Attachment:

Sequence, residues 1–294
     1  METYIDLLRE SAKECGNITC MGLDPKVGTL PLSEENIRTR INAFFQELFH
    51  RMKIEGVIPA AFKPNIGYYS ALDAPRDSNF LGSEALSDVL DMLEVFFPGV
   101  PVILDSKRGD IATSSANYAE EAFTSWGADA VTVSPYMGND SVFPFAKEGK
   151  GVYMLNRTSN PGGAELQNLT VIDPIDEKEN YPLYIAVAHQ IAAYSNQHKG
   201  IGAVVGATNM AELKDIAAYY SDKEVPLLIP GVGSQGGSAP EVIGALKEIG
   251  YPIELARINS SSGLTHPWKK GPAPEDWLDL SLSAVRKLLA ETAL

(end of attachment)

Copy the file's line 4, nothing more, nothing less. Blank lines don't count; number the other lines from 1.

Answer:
   101  PVILDSKRGD IATSSANYAE EAFTSWGADA VTVSPYMGND SVFPFAKEGK